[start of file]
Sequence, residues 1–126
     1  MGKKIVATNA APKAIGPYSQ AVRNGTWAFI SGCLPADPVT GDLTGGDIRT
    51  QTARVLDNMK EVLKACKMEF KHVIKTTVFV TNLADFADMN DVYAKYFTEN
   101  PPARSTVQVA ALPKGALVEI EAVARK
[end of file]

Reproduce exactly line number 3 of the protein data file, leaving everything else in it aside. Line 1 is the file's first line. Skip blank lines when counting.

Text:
    51  QTARVLDNMK EVLKACKMEF KHVIKTTVFV TNLADFADMN DVYAKYFTEN